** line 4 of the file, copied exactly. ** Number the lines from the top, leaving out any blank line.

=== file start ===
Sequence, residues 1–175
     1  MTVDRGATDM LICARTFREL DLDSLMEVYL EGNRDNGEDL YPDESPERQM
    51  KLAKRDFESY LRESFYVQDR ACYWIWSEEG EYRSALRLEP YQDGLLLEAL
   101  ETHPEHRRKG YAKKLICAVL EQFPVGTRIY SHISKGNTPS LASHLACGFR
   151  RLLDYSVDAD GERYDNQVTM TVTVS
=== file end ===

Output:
   101  ETHPEHRRKG YAKKLICAVL EQFPVGTRIY SHISKGNTPS LASHLACGFR